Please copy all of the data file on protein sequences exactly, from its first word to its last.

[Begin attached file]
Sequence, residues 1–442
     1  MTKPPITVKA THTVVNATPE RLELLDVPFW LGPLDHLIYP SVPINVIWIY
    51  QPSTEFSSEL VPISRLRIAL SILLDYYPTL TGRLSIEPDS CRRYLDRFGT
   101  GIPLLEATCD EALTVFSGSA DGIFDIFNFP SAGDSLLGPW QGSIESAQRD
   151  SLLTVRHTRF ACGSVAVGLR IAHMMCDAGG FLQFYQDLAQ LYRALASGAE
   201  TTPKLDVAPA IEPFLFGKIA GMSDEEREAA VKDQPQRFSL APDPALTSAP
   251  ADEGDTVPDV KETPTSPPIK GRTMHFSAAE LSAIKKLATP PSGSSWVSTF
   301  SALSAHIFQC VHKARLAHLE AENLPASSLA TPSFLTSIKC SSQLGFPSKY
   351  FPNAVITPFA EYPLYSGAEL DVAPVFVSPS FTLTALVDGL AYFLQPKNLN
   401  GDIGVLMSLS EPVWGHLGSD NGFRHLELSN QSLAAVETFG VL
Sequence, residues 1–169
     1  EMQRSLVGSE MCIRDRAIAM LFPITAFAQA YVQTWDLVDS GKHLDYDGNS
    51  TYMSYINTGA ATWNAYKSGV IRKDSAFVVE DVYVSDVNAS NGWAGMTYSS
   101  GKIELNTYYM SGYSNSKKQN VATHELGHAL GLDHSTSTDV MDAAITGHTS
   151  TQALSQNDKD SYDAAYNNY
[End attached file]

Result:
Sequence, residues 1–442
     1  MTKPPITVKA THTVVNATPE RLELLDVPFW LGPLDHLIYP SVPINVIWIY
    51  QPSTEFSSEL VPISRLRIAL SILLDYYPTL TGRLSIEPDS CRRYLDRFGT
   101  GIPLLEATCD EALTVFSGSA DGIFDIFNFP SAGDSLLGPW QGSIESAQRD
   151  SLLTVRHTRF ACGSVAVGLR IAHMMCDAGG FLQFYQDLAQ LYRALASGAE
   201  TTPKLDVAPA IEPFLFGKIA GMSDEEREAA VKDQPQRFSL APDPALTSAP
   251  ADEGDTVPDV KETPTSPPIK GRTMHFSAAE LSAIKKLATP PSGSSWVSTF
   301  SALSAHIFQC VHKARLAHLE AENLPASSLA TPSFLTSIKC SSQLGFPSKY
   351  FPNAVITPFA EYPLYSGAEL DVAPVFVSPS FTLTALVDGL AYFLQPKNLN
   401  GDIGVLMSLS EPVWGHLGSD NGFRHLELSN QSLAAVETFG VL
Sequence, residues 1–169
     1  EMQRSLVGSE MCIRDRAIAM LFPITAFAQA YVQTWDLVDS GKHLDYDGNS
    51  TYMSYINTGA ATWNAYKSGV IRKDSAFVVE DVYVSDVNAS NGWAGMTYSS
   101  GKIELNTYYM SGYSNSKKQN VATHELGHAL GLDHSTSTDV MDAAITGHTS
   151  TQALSQNDKD SYDAAYNNY